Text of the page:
Cush was the father of Nimrod, who became a mighty warrior on the earth. He was a mighty hunter before the Lord; that is why it is said, “Like Nimrod, a mighty hunter before the Lord.” The first centers of his kingdom were Babylon…….Genesis 10
Okay, there is a guy who is the lead builder of Babylon. What’s his name? It’s Nimrod. There are better names. There are worse. It says that Nimrod is a mighty warrior and hunter. That’s another way of saying that Nimrod is a military power of the day. He is a metaphor for an empire. Now here’s another fun fact. Nimrod in the Hebrew means, “to rebel.” Here’s where it gets interesting. Where does Nimrod come from? He’s from Canaan. We just talked about Canaan didn’t we? Canaan was defeated. So what we’re doing is telling another story about a descendant of Canaan, the enemy, who by building this tower is rebelling against the good guys, the Israelites. And this enemy was ruthless and powerful. This enemy wanted to crush the little guy.
The story reflects a growing awareness and concern that there is a higher good for humanity than the strong dominating the weak, the powerful crushing the powerless, and the proud raising themselves up to godlike status. It’s a story about what can happen in humanity when power, accumulation, and ego become greater than recognizing one’s humanity.
In short, it’s a story about the dangers of the powerful exposing the powerless.
And what have we done with this story? We’ve focused on the language aspect, which by the way, it’s widely agreed to be a way to explain the fact that Babylon taking over the Israelites did some serious damage to the Hebrew language, and decided that this must be a story about keeping races separate.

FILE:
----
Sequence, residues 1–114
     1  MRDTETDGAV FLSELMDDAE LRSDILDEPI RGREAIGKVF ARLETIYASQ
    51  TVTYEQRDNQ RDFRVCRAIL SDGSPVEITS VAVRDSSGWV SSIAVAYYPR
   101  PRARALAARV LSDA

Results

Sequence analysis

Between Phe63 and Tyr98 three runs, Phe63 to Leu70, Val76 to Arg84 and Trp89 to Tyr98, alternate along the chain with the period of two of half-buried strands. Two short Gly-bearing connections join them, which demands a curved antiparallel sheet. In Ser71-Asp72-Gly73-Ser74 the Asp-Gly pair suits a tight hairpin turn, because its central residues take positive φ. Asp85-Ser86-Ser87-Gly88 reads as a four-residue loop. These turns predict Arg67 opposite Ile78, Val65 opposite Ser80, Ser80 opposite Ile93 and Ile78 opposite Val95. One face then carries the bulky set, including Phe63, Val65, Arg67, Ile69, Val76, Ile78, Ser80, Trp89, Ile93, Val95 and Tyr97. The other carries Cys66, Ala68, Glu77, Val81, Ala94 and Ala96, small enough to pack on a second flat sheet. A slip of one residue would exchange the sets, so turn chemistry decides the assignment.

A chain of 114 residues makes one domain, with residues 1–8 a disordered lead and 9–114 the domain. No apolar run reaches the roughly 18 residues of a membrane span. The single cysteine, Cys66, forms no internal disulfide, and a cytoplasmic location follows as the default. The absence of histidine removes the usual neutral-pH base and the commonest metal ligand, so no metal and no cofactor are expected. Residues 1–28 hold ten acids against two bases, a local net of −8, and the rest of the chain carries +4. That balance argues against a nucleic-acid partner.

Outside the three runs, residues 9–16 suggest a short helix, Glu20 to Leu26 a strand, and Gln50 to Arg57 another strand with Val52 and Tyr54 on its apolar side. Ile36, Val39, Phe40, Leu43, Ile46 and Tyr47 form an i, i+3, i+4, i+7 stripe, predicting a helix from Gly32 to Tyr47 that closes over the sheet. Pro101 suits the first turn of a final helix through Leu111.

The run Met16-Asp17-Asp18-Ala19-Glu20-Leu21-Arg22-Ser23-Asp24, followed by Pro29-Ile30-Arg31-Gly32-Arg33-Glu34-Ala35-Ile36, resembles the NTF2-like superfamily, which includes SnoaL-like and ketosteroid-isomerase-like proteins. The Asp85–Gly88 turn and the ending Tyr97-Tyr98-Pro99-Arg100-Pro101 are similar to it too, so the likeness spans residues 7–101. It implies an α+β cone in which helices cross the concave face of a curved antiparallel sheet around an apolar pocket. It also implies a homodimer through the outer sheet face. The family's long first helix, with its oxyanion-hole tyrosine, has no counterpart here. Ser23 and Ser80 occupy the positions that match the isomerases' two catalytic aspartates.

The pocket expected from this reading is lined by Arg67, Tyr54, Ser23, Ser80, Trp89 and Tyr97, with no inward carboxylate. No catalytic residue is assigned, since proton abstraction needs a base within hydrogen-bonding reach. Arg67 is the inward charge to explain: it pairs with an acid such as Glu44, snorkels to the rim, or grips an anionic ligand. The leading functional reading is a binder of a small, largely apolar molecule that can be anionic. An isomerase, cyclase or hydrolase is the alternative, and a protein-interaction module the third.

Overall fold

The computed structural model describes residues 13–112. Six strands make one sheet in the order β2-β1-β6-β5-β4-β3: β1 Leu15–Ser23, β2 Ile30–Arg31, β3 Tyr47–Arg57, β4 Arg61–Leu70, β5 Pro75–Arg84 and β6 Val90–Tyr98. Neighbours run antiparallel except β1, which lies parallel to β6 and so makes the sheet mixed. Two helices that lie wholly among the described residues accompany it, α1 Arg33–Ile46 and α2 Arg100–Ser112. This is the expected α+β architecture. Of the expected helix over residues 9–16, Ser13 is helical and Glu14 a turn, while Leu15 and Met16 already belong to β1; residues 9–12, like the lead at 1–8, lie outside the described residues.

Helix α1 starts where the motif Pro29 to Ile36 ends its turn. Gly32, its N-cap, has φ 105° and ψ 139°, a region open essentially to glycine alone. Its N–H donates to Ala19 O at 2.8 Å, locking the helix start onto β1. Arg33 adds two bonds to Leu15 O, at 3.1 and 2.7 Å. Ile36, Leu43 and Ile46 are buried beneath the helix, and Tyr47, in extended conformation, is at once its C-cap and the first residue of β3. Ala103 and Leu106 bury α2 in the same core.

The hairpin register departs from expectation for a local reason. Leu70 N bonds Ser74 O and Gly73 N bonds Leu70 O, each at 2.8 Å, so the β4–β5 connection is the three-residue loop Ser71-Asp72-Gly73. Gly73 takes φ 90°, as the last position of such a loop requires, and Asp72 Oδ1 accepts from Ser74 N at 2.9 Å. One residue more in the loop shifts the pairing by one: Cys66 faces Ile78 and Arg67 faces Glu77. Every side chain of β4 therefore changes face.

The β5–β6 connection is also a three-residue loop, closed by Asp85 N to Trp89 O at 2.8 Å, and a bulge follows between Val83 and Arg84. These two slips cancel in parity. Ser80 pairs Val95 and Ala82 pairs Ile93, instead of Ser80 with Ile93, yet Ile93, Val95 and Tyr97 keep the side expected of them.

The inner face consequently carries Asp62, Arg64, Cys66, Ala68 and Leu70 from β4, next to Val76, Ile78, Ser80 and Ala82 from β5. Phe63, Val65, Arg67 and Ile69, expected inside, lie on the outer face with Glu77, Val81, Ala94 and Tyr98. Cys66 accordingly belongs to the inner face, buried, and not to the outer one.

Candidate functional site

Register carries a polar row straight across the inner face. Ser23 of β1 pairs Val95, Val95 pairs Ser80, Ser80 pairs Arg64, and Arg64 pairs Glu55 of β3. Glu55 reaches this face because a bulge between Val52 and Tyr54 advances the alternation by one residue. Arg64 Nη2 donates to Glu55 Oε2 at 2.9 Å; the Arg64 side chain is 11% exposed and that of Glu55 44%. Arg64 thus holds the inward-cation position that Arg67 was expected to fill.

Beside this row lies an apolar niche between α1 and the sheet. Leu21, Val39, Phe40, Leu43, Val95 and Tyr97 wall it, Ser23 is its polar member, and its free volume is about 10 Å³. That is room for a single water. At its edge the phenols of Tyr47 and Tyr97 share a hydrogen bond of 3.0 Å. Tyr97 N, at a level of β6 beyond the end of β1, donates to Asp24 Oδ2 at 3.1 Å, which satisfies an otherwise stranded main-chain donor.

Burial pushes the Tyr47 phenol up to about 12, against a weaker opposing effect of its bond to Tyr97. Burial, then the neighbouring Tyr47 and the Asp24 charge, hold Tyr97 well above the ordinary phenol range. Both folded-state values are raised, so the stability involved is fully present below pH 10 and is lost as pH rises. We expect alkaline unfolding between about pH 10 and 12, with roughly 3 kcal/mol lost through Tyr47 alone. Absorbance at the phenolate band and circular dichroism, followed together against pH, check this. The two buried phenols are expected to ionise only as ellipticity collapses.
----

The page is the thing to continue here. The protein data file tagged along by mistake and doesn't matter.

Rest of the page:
We’ve taken a story about God getting angry about the injustice of the powerful exposing the powerless and we used it to justify the powerful exposing the powerless!! Oh sweet irony!
Now you may think about this as being utterly preposterous. I certainly do. And the truth is that this scripture cited and taken out of context was used to justify not only slavery, but the forbidding of mixed race marriage, which is some cases was upheld by some Christian institutions right up until the year 2000! (Bob Jones University) 18 years ago! Most of us were alive! Scripture outside of context is dangerous and has kept Christianity complicit in racist ideology.
I said a couple of weeks ago that we take the Bible far too seriously to take it literally. This is what I mean. Without context we can use the Bible to perpetuate racism, privilege and oppression.
We can take a passage like this one.
Let everyone be subject to the governing authorities, for there is no authority except that which God has established. The authorities that exist have been established by God. Consequently, whoever rebels against the authority is rebelling against what God has instituted, - Romans 13:1
And without context, have no clue that Paul is talking about practicing civil disobedience rather than starting an all out war with the Roman Empire. And so this gets quoted without context by Christian leaders who want us to be obedient when we see egregious acts of oppression and injustice to immigrants, to women, to the LGBTQIA community, and to those of different religions. That’s never what scripture intended!
I can take the Bible out of context all day to justify racism, privilege, power, and anything else! We can do this all day! And it scares me.
If our church cares deeply about ending racism and bringing equity then we cannot take the bible literally. We must take it very seriously giving this living, breathing, covenant the attention it deserves and the context it deserves!
And here is the way we give it context.
One more story. This story is about the transfiguration. After all it’s transfiguration Sunday and I know that so many of you were wondering, “When will he talk about the transfiguration? Don’t think I would leave something so important out. I also think the transfiguration teaches us how to take our scripture seriously but not literally. It teaches us what it looks like to be progressive. It teaches us what it looks like to partner in a movement that ends racism and brings equity to people of color, women, LGBTQIA, immigrants, dreamers, and everyone else who’s ever had to live in fear because of their otherness.